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Posts Tagged ‘Fareed Zakaria’

Starry-Eyed: A Look At Life.com’s Best Photos Of 2010

To celebrate the end of 2010, Life.com asked various celebrities and media personalities — including Andy Richter, Harry Benson, Khaled Hosseini, Alan Cumming,  Salman Rushdie, Brian Williams, Sarah Silverman, Jimmy Wales, Arianna Huffington, Terry McDonell and Fareed Zakaria — to choose their personal favorite images from among Life‘s 2010 Pictures of the Year. Life.com has the final list of photos, including each person’s explanation for why, exactly, each specific image resonated for him or her.

Pictured here is author Salman Rushdie’s choice, “Heavenly Bodies,” a striking image of the Carina Nebula region taken by the Hubble Space Telescope. Rushdie explains why he selected this particular image: “The universe creates beauty on the most gigantic of scales, humbling us by reminding us of our smallness, and simultaneously lifting our hearts by showing us so much glory.”

TimeFrames Reviews The Past Decade In Print, Online And On Your Television

As we reach November’s end, it’s time for one of my favorite annual customs: Looking back. Few do this better than Time magazine, and, this time, the magazine is not only reviewing the past year, but major news events of the decade now coming to an end.

Time‘s single-topic retrospective, titled TimeFrames, went live online this morning and will be available on newsstands this Friday. The magazine has also joined with CNN to produce a primetime show, “TimeFrames: A John King Special.” The special, which features interviews with managing editor Richard Stengel, Time executive editor Nancy Gibbs, Joe Klein, Fareed Zakaria and other Time editors and writers, will air tomorrow, Thanksgiving Day, at 2 p.m. and 5 p.m. ET and throughout this holiday weekend.

In addition, the magazine has worked on an ad campaign focused on Time magazine’s iconic red border.

Further information can be found online at www.time.com/timeframesissue, including a video on Time‘s reporting of the major events of the past ten years, featuring Gibbs.

In his letter to readers, Stengel touches upon a particular duality when taking a look at our rapidly changign world:

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The Search For Newsweek‘s EIC Continues, Talks With Diller Back On

Newsweek has yet to name its new editor in chief, although it hasn’t been for lack of trying. Talks are back on between the news weekly’s new owner, Sidney Harman and IAC’s Barry Diller, who owns the Daily Beast. Speculation continues regarding a future merger between the two would place Daily Beast founder Tina Brown at Newsweek‘s helm.

Other names that have been tossed into the ring have included former Newsweek International editor Fareed Zakaria, who declined the position, and, as The New York Observer reports, Daily Beast executive editor Edward Felsenthal. And then there’s this interesting anecdote:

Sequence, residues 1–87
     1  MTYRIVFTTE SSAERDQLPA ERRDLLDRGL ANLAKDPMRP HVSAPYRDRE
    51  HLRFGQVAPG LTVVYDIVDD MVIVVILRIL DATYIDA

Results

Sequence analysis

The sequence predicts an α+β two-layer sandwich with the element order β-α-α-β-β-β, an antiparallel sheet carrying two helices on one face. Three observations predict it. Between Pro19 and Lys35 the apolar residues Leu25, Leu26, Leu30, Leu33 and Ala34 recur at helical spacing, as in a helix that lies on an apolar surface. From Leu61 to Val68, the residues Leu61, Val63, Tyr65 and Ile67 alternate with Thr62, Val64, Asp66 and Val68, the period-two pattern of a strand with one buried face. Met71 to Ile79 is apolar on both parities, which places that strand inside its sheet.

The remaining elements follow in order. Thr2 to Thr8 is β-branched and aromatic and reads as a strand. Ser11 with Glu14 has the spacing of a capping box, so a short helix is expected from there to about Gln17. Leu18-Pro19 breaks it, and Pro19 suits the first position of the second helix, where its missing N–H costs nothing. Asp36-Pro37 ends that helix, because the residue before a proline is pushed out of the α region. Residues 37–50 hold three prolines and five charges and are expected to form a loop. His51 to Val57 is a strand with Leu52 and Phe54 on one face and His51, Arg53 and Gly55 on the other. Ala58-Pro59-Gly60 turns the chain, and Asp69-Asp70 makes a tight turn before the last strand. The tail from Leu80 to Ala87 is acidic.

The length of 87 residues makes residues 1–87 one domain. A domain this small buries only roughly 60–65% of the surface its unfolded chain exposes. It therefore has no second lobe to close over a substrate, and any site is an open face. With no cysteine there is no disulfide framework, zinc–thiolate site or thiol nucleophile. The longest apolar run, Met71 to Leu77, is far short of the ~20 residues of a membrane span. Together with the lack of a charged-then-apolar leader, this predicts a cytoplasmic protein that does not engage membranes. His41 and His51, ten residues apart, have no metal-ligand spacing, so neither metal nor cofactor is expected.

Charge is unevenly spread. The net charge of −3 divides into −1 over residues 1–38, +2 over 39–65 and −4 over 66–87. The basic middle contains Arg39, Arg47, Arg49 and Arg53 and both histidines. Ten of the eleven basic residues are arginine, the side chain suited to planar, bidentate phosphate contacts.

Former Observer editor Peter Kaplan was also in the mix — until he and Dr. Harman crossed signals about a dinner meeting, leaving the impression that Dr. Harman had stood Mr. Kaplan up.

And thus the wait, and the rumors, continue.

Outgoing Editor Jim Hoge And Foreign Affairs Look Forward With The Magazine’s November/December Issue

For its November / December issue, out on newsstands now (and online), Foreign Affairs magazine elected to look towards the future through essays and book recommendations by some of today’s best thinkers. The issue will feature a special cover as well as a two-column makeup to make it easy for readers to take in all the information and recommendations within.

According to David Kellogg, the magazine’s publisher:

“This special issue of Foreign Affairs has already raised the bar for the magazine — it is the first single-themed and largest issue ever produced.  The cover has added a gatefold and dramatic cover graphics. Readership (made up of 20 percent newsstand and 80 percent subscriber based) continues to grow.  In addition, ad revenue for the Nov/Dec issue grew 65 percent year over year, quite an enviable position in the publishing business today.”

The issue will provide an in-depth exploration of far-reaching issues impacting both the U.S. and the world at large, organized by category: Planetary issues (such as security, prosperity, education, water, population declines, climate control, etc.), international issues (for example, a look at how powers are allocated in the United States and Europe versus Asian nations, as well as how international organizations are changing as power shifts across the globe), and the role the U.S. plays on a global scale (its consensus with other world powers, its multilateral approach to security, use of military, etc.).

In addition, the print issue will feature a special book section (although regular Foreign Affairs readers need not worry — the regular book section is available online), with 17 contributors — including Madeleine Albright, Aayan Hirsi Ali, Niall Ferguson and Fareed Zakaria — each suggesting one or two books which deal with “the world ahead.”